Article ID: CBB167572957

The Aesthetic Dimension of Scientific Discovery: Finding the Inter-Maxillary Bone in Humans (2020)


This paper examines the points of disagreement between Petrus Camper and J. W. von Goethe regarding the existence of the inter-maxillary bone in humans as the link between man and the rest of nature. This historical case illustrates the fundamental role of aesthetic judgements in scientific discovery. Thus, I shall show how the eighteenth century discovery of the inter-maxillary bone in humans was largely determined by aesthetic factors—specifically, those sets of assumptions and criteria implied in the aesthetic schemata of Camper and Goethe. I argue that the relevance of scientifically ascertainable morphological properties that count as evidence for the existence of bona fide anatomical structures depend on the aesthetic schema adopted by the communities assessing the classification. At the same time, I propose and explain mechanisms by which aesthetic considerations might determine the acceptability of empirical claims about the world. Based on the reconstruction of the arguments of Camper and Goethe, I conclude that aesthetic considerations play a substantive role in both the generation and preliminary evaluation of scientific hypotheses. This paper suggests a complementary relation between the mediation of aesthetic criteria in theory choice and in scientific discovery in that while aesthetic considerations in theory choice lead to conservatism; in the context of discovery they often lead to innovation.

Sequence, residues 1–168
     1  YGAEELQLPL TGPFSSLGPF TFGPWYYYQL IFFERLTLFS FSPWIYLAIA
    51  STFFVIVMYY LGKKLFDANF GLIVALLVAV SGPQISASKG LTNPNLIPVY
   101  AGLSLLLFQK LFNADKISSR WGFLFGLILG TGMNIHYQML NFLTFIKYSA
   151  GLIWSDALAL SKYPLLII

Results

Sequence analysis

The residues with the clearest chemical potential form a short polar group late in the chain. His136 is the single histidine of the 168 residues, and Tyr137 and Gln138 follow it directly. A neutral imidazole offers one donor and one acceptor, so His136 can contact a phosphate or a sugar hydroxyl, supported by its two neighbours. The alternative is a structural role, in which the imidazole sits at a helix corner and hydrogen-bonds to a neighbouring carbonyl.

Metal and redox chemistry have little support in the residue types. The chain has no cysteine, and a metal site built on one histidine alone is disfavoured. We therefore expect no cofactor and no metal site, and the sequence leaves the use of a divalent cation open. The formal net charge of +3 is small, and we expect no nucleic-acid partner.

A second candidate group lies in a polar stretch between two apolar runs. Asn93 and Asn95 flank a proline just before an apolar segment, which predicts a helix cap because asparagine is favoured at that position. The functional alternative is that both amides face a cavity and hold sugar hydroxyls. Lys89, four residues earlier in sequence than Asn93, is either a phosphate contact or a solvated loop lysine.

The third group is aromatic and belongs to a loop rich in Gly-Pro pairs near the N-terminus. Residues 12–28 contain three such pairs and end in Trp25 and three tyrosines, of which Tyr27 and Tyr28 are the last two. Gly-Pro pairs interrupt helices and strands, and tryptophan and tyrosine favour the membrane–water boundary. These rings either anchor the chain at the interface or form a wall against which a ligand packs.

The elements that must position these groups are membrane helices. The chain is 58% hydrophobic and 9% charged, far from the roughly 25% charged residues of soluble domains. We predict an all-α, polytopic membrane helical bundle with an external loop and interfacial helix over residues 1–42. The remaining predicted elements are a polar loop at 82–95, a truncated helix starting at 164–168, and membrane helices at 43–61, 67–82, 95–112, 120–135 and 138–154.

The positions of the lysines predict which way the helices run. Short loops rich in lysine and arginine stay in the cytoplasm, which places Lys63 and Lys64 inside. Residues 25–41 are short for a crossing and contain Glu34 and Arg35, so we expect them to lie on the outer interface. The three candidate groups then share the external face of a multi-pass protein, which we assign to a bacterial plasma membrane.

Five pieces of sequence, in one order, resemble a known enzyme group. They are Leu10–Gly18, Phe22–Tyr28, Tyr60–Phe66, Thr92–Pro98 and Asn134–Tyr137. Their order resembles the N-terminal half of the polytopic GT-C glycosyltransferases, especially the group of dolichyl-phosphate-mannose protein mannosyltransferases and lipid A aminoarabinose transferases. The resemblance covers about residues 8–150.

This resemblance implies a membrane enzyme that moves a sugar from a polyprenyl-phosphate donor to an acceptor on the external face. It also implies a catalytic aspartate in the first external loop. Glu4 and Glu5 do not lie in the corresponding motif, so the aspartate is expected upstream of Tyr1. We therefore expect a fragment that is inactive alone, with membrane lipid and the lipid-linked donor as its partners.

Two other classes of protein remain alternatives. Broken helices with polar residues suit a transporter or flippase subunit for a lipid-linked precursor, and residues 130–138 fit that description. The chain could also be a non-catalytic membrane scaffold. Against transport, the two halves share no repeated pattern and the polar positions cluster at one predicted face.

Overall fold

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Authors & Contributors
Butler, Judith
Largier, Niklaus
Francois, Anne-Lise
Wenzel, Manfred
Giacomoni, Paola
Schweitzer, Frank
Goethe Jahrbuch
Studies in History and Philosophy of Science Part C: Studies in History and Philosophy of Biological and Biomedical Sciences
Selbstorganisation: Jahrbuch für Komplexität in den Natur-, Sozial- und Geisteswissenschaften
Medizinhistorisches Journal
Journal of the History of Biology
Social History of Medicine
MIT Press
University of California, Berkeley
Human anatomy
Goethe, Johann Wolfgang von
Kant, Immanuel
Newton, Isaac
Darwin, Charles Robert
Hansen, Karl Adolph
Chamberlain, Houston Stewart
Time Periods
19th century
18th century
17th century
20th century, early
16th century
Tasmania (Australia)
Great Britain
Naples (Italy)
Royal College of Surgeons, London

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